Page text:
[OPE-L:7013] [OPE-L:505] Equality and equivalence [OPE 491]

Alan Freeman (a.freeman@greenwich.ac.uk)
Thu, 25 Feb 1999 11:16:44 +0000

Steve writes

Linearity is not the issue here. As I, and Gil, argued a few months back
at length there is no self-evident, a priori reason to conceive of the
process of exchange as a relation of equality.

Yes Steve, I'm familiar with the debate; it's been going on a while, and
from time to time I've been involved in it, starting with the old 1995
PEN-L debate and continuing in the 1996 OPE debate. I didn't intervene in
the current round because I had nothing new to say but I followed it with
interest and not a little sadness, since it seems that each time around it
merely covers the same ground, which always suggests that people aren't
reading what each other says carefully enough.

I came in recently because I did have something new to say.

By and large I don't disagree with your central point in it, or at least I
haven't until now when you say that linearity isn't the issue, because I
think linearity is the issue.

However before we get onto that, there's a prior point of clarity; it seems
abundantly clear from all your contributions that what you mean by equality
is exchange in proportion to magnitude of abstract labour. If you mean
something different, then perhaps we should get that clear before
proceeding onto linearity.

Here's a list of citations from your post that suggest to me that when you
speak of equality, you mean exchange at values. I hope you'll enlighten me
if your own meaning is different from that which I attribute to you.

[OPE 298]

The question I have been pressing is: does Marx (and many others since)
define exchange values this way because he/they feel that there is
something about the nature of exchange that either theoretically or
empirically enforces such an exchange of equality, or, is it the case that
Marx considers exchange as an equality as a simplification and sets up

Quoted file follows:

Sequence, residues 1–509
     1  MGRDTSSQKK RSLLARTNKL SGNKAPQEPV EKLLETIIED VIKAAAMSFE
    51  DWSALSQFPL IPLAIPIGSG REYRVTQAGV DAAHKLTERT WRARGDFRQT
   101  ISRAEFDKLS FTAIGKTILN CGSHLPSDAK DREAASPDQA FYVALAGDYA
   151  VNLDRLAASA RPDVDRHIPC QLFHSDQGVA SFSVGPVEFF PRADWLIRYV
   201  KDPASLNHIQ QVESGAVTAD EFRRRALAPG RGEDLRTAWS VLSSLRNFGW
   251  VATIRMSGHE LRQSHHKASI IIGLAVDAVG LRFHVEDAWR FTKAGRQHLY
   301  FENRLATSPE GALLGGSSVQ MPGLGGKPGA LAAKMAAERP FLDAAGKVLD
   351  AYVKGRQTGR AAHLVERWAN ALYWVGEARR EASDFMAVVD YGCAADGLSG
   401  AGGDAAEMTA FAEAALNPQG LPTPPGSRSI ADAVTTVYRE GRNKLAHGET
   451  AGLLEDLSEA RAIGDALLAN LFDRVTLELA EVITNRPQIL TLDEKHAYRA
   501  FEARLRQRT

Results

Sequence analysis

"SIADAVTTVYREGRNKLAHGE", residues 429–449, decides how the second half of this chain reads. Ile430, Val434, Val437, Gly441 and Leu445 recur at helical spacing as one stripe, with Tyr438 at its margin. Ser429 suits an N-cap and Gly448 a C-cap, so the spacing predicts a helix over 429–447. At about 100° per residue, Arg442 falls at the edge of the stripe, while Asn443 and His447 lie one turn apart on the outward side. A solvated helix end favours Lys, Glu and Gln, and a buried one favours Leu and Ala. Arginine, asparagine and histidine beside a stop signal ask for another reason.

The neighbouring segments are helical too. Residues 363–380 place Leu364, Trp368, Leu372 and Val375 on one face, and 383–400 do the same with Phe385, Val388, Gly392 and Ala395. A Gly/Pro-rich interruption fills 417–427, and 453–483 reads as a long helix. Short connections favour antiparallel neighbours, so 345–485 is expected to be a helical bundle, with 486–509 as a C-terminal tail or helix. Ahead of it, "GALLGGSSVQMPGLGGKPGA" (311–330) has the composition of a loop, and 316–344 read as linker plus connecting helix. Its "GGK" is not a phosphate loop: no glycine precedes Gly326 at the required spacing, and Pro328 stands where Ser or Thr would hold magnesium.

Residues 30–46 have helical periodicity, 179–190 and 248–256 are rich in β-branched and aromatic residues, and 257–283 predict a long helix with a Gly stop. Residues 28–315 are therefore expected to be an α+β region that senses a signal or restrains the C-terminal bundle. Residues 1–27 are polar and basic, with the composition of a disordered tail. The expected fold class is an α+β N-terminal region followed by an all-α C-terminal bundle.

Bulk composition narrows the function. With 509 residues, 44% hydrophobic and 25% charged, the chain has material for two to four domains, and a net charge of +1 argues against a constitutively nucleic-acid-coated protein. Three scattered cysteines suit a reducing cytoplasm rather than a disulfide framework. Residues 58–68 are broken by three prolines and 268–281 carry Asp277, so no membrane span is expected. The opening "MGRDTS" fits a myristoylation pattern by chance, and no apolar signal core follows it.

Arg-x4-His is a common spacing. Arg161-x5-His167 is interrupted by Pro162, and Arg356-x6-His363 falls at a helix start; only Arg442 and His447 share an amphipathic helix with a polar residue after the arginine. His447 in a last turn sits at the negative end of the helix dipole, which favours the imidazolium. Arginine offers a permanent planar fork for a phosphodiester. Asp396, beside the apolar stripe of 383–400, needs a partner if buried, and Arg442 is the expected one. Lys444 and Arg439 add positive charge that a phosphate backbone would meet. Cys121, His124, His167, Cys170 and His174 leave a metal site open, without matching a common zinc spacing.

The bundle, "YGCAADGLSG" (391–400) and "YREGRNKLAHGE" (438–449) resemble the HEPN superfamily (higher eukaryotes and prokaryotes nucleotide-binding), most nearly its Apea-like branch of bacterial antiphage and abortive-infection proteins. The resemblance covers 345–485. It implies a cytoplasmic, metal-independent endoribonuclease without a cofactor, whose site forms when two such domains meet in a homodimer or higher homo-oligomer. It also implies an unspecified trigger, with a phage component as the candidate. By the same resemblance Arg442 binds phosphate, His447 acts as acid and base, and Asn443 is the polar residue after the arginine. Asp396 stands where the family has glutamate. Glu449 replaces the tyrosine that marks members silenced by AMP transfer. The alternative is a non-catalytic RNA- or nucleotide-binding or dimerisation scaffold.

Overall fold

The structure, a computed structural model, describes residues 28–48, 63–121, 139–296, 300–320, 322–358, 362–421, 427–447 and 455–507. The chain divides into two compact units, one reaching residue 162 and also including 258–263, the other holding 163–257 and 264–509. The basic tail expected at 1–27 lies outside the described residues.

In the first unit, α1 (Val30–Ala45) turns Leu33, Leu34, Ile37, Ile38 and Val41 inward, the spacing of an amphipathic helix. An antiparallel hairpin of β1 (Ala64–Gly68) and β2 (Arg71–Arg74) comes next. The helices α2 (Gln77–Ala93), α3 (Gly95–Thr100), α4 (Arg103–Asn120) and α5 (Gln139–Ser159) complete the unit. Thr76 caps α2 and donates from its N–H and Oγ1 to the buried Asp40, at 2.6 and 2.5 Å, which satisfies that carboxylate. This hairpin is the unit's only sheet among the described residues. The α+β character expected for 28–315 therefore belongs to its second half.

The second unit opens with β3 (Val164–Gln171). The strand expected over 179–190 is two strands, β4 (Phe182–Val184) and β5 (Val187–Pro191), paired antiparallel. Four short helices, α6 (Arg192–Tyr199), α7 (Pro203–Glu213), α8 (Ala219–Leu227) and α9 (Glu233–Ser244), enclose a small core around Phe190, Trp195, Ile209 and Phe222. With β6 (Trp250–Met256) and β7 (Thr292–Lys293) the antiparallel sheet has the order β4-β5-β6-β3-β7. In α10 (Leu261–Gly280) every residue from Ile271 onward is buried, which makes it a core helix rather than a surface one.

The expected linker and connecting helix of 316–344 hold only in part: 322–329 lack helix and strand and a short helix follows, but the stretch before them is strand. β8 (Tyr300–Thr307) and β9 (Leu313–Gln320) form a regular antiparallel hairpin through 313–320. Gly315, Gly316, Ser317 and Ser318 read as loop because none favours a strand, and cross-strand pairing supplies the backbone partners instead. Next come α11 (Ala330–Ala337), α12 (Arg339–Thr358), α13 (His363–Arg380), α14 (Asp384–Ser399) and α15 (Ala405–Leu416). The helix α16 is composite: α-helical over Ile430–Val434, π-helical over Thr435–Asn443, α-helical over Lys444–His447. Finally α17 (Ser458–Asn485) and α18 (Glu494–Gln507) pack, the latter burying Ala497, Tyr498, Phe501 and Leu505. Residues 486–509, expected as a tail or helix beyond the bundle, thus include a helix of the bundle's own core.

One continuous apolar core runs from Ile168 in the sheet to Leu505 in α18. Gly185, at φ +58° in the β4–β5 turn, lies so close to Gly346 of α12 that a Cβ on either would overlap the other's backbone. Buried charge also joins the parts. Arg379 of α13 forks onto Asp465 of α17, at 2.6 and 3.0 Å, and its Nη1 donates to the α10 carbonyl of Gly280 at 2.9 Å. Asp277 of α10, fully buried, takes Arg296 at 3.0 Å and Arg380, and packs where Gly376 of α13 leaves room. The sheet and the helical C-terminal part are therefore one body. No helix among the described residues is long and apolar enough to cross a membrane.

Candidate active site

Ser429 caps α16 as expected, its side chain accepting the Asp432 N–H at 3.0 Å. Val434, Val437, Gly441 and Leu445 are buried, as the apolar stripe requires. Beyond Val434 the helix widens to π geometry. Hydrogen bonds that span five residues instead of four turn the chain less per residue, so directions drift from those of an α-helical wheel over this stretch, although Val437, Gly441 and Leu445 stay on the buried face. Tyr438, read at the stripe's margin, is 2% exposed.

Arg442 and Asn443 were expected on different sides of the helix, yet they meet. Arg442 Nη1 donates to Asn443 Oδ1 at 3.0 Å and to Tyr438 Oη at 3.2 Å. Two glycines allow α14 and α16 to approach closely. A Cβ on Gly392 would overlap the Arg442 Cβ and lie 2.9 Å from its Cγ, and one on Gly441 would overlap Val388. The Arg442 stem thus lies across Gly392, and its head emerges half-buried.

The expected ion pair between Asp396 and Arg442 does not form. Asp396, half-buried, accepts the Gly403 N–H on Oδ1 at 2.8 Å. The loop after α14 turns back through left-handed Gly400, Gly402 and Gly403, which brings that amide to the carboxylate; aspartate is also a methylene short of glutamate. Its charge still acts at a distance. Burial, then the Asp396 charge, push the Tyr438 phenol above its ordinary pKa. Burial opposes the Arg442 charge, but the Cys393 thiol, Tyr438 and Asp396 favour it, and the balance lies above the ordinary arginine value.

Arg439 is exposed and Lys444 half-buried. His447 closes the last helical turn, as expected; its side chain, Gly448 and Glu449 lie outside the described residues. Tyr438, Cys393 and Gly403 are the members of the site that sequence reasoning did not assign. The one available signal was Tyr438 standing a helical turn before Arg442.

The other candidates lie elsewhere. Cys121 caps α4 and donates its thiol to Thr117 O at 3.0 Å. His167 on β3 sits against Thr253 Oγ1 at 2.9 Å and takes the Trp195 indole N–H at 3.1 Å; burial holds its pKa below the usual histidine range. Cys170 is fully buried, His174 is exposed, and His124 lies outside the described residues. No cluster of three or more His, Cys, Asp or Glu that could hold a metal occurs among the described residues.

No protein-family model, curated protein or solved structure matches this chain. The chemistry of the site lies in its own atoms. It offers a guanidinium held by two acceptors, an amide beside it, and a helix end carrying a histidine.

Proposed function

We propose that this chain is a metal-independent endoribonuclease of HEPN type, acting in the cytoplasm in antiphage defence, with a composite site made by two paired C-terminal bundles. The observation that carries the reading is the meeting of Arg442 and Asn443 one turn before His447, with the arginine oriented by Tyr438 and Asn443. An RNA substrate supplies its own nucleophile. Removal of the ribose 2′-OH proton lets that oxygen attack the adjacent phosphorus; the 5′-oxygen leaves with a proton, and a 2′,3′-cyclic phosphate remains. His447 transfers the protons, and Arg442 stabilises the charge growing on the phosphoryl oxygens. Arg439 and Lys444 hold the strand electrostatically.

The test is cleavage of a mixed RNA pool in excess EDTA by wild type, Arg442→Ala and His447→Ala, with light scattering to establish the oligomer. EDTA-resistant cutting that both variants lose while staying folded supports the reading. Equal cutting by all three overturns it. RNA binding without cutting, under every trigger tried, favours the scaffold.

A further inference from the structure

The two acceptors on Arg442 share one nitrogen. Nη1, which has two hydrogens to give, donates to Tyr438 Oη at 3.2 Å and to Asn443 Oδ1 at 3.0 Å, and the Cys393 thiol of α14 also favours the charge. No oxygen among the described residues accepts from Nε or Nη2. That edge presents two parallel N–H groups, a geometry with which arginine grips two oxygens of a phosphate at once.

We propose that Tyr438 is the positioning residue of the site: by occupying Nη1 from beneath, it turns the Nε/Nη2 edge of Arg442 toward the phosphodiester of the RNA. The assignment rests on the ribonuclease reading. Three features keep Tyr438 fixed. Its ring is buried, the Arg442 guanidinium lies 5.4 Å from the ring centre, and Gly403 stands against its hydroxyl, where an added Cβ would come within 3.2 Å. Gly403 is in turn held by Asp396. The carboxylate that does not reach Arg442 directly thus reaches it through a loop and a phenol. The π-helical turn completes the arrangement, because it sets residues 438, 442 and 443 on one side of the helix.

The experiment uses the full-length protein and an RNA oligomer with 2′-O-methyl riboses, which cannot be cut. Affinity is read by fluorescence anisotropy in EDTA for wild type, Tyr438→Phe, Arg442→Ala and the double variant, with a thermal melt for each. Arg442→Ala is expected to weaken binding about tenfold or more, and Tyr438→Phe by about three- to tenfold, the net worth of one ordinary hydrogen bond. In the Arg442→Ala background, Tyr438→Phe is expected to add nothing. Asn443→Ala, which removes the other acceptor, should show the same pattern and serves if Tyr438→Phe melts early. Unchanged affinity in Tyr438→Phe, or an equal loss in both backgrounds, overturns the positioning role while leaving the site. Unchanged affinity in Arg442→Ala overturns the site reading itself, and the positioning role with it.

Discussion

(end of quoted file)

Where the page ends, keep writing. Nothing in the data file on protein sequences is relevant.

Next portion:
exchange ratios between commodities so that in fact they are equal in
abstract labor. And, if the latter, the question becomes just how robust
this simplification is.

I want to stress this point. There is nothing obvious about the claim that
exchange should be understood as an equality.

[OPE 288]

(ii) Is there a theoretical proposition that under fairly non restrictive
and general conditions will guarantee that exchange ratios will necessarily
be governed by equal magnitudes of abstract labor contained in each
commodity. I don't know of any such propositions.

[OPE 270]

I have no problem with this as far as it goes. My concern is why should we
expect the process of exchange to be one of equal amounts of abstract labor
time. That is, do the 2 apples exchange for the 3 oranges "because" they
have equal amounts of abstract labor time contained in them?


That doesn't make any sense. But
obviously many Marxists want to see exchange characterized by the relation
of equality, which brings us into the realm of a third substance, different
from each commodity, but common to both (abstract labor).


But defining these maps is a very different exercise than arguing that
exchange produces or creates through arbitrage (of what?) the equivalence
class of the equality of values, for example. I don't see the process
whereby that would occur.


It seems to me that the motivations for exchange, and the acceptance of
particular exchange ratios (nb, I'm not saying not exchange values) as
"fair" (by which all I mean here is that the exchange occurs without
physical force), will always be culturally and politically inflected, as
well as individuated.

[OPE 184]

Another relation which satisifies the conditions of an equivalence class is
the relation of indifference, and there is no presumption of equality
there. There are others as well. My question is, what is it about a
market exchange that would make us think that exchange should be the
characterized by the particular equivalence class of equality, and that the
metric of this equality should be abstract labor.


I am not sure what you, or others, mean by an exchange of equivalents, if
that is not also equality. My question again is why is it (a) obvious, or
(b) insightful, to conceive of exchange as an exchange of equals. As to
references, I said it before, 99% of economists who think about exchange
formally do not begin by presuming exchange as an equality. Why should
marxist economists do so?

(Alan adds: amen to that)